They keep using the word "country" but it seems that they don't know what it means! lol The Reconstruction Framers’ intent to grant citizenship to all those born on U.S. soil, regardless of race, origin, or status, was turned into the powerfully plain language of Section 1 of the Fourteenth Amendment: “All persons born or naturalized in the United States, and subject to the jurisdiction thereof, are citizens of the United States and of the state wherein they reside.” The text of the ratified Citizenship Clause embodies the jus soli rule of citizenship, under which citizenship is acquired by right of the soil (contrasted with jus sanguinis, according to which citizenship is granted according to bloodline). Birthright citizenship is a form of “ascriptive” citizenship because one’s political membership turns on an objective circumstance—place of birth. The text of the Fourteenth Amendment is not the only place in the Constitution that reflects the notion that citizenship can accrue from the circumstances of one’s birth: Article II of the Constitution, provides that any “natural born citizen” who meets age and residency requirements is eligible to become President. Just as the Citizenship Clause sets forth birth on U.S soil as the condition for citizenship—not race or bloodline—Article II specifies that the relevant qualification for the presidency of the United States is birth‐conferred citizenship, not any particular ancestry. For more than a century, it has been the common understanding that the Constitution’s treatment of citizenship follows the jus soli rule. Case law just after ratification of the Fourteenth Amendment interpreted the Citizenship Clause to confer automatic citizenship on persons born in the United States regardless of their parents’ immigration status. In the 1886 case of Look Tin Sing, for example, the court held that a child of Chinese parents—who still retained their status as Chinese citizens, despite their presence in the United States—was a U.S. citizen under the Citizenship Clause because he was born on U.S. soil. As the court stated plainly, “It is enough that he was born here, whatever was the status of his parents.”9 https://www.theusconstitution.org/wp-content/uploads/2017/12/20110331_Issue_Brief_Elizabeth_Wydra_Born_Under_the_Constitution.pdf The Reconstruction Acts, or Military Reconstruction Acts, (March 2, 1867, 14 Stat. 428-430, c.153; March 23, 1867, 15 Stat. 2-5, c.6; July 19, 1867, 15 Stat. 14-16, c.30; and March 11, 1868, 15 Stat. 41, c.25) were four statutes passed during the Reconstruction Era by the 40th United States Congress addressing requirement for Southern States to be readmitted to the Union. The actual title of the initial legislation was "An act to provide for the more efficient government of the Rebel States"[1] and it was passed on March 4, 1867. Fulfillment of the requirements of the Acts was necessary for the former Confederate States to be readmitted to the Union from military and Federal control imposed during and after the American Civil War. The Acts excluded Tennessee, which had already ratified the 14th Amendment and had been readmitted to the Union on July 24, 1866.[2] July 9th 1868, the Fourteenth Amendment https://en.wikipedia.org/wiki/Reconstruction_Acts March 2, 1867, 14 Stat. 428-430 c. 153 [Jail for 14A citizens? Repealed?] https://www.loc.gov/law/help/statutes-at-large/39th-congress/session-2/c39s2ch153.pdf March 23, 1867, 15 Stat. 2-5 c. 6 [Rebel States. An act supplementary to an act entitled "An Act to provide for the more efficient Government of the Rebel States," passed March second, eighteen hundred and sixty-seven, and to facilitate restoration. chap. VI ] AND [March 11, 1868, 15 Stat. 41] https://www.loc.gov/law/help/statutes-at-large/40th-congress/c40.pdf July 19, 1867, 15 Stat. 14-16 c. 30 [ chap xxx: passed on the twenty-third day of March, in the year one thousand eight hundred and sixty-seven, that the governments then existing in the rebel States of Virginia, North Carolina, South Carolina, Georgia, Mississippi, Alabama, Louisiana, Florida, Texas, and Arkansas were not legal State governments; and that thereafter said governments, if continued, were to be continued subject in all respects to the military commanders of the respective districts, and to the paramount authority of Congress.] https://www.loc.gov/law/help/statutes-at-large/40th-congress/session-1/c40s1ch30.pdf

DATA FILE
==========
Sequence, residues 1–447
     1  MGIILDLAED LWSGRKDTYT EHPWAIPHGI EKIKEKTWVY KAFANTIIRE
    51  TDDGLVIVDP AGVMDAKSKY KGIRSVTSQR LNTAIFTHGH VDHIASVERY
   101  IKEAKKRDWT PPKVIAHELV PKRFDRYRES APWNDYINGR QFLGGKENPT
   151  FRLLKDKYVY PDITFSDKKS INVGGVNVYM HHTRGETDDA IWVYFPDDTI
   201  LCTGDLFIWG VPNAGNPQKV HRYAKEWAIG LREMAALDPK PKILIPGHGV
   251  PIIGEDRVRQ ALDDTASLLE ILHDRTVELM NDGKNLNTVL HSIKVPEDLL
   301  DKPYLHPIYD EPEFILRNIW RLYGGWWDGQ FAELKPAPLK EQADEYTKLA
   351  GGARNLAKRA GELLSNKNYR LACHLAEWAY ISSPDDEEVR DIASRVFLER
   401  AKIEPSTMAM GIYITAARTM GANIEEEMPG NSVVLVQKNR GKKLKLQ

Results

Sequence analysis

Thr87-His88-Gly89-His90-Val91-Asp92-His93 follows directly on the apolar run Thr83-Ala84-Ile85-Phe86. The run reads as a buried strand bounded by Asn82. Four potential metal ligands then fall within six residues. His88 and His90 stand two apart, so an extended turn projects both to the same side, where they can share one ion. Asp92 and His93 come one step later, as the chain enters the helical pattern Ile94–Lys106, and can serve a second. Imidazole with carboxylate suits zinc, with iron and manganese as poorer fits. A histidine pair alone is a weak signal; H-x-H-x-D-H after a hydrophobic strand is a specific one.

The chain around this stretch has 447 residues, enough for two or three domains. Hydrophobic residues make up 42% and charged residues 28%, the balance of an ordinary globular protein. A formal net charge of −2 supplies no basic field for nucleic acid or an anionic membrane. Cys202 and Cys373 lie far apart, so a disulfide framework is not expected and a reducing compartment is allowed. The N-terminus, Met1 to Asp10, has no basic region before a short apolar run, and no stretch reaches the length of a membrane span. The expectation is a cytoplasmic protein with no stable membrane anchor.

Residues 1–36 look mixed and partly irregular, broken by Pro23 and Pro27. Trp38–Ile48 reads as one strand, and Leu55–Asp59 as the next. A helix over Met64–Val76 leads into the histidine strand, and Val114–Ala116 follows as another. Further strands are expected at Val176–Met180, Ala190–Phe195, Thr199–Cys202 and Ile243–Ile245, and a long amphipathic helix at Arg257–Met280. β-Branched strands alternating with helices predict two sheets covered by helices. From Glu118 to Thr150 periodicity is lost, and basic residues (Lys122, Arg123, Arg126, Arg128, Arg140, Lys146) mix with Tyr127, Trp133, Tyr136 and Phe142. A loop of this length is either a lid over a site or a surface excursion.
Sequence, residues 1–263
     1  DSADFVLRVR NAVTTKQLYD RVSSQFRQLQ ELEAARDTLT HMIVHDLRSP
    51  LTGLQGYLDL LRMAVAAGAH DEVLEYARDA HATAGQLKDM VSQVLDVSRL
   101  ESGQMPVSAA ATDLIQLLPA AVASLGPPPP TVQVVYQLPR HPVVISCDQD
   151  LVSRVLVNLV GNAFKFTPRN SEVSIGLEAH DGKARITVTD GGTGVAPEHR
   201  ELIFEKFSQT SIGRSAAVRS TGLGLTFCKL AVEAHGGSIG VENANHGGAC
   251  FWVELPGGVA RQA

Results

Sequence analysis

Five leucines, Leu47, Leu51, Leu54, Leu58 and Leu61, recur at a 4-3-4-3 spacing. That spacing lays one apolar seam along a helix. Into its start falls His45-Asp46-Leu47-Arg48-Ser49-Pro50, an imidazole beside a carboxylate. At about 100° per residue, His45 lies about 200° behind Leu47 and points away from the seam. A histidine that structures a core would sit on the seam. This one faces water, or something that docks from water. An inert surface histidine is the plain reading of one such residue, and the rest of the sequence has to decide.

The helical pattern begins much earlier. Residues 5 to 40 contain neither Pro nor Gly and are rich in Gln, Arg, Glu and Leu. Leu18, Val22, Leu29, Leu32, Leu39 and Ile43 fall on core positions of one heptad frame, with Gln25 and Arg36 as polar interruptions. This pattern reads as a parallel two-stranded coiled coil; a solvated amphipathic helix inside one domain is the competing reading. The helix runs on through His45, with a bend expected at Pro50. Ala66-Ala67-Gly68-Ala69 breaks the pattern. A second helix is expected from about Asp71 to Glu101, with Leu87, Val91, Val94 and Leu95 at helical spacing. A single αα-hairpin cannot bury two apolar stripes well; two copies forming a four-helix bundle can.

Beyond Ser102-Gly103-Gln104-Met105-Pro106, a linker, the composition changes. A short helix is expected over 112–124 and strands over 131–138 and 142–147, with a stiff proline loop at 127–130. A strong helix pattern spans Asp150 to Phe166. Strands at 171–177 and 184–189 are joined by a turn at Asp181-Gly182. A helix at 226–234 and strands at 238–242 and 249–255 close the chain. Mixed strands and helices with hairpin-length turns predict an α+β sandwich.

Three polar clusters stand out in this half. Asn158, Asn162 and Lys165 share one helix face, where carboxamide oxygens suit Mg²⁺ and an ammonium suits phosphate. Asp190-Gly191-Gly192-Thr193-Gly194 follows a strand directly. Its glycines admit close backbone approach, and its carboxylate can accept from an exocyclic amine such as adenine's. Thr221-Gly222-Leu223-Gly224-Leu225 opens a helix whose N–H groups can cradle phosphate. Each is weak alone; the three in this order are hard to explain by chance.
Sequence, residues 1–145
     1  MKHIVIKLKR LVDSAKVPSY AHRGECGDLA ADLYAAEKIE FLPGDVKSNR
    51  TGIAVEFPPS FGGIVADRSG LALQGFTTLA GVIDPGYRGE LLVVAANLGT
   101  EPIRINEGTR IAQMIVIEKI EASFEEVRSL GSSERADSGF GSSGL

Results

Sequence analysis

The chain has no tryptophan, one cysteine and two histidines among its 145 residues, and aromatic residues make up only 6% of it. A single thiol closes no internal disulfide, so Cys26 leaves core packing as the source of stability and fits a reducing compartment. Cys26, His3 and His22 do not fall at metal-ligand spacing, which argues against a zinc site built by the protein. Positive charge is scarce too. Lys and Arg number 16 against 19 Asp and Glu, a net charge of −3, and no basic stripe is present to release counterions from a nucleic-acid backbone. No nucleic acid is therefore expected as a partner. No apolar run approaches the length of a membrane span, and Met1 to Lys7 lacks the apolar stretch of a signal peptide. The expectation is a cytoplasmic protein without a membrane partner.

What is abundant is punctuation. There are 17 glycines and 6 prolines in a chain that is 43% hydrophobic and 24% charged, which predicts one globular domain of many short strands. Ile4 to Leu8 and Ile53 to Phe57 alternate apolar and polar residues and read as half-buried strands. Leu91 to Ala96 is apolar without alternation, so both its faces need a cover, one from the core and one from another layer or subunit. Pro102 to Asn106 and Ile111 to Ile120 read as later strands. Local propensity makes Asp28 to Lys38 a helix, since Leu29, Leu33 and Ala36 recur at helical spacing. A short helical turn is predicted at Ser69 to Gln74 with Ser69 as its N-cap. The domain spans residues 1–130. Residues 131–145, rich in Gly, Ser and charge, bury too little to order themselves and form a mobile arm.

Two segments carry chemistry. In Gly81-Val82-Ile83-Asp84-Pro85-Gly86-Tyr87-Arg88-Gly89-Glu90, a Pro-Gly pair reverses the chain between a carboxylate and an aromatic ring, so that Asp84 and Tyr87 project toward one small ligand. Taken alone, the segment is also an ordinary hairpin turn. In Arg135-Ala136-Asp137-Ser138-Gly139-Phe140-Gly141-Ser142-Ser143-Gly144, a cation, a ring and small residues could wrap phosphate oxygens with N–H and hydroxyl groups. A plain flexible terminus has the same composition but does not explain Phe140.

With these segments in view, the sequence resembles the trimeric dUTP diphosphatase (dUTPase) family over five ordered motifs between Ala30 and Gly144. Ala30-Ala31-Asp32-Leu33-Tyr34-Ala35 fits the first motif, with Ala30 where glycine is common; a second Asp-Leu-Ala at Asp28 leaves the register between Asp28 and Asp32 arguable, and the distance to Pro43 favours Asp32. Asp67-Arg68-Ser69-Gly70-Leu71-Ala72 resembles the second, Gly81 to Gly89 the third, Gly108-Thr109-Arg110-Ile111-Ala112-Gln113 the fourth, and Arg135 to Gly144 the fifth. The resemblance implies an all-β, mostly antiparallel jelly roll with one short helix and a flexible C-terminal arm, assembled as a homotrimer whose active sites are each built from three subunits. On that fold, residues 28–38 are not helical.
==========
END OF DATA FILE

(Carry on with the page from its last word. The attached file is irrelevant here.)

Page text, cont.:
Posted by MalikaDulce at 2020-11-23 19:56:51 UTC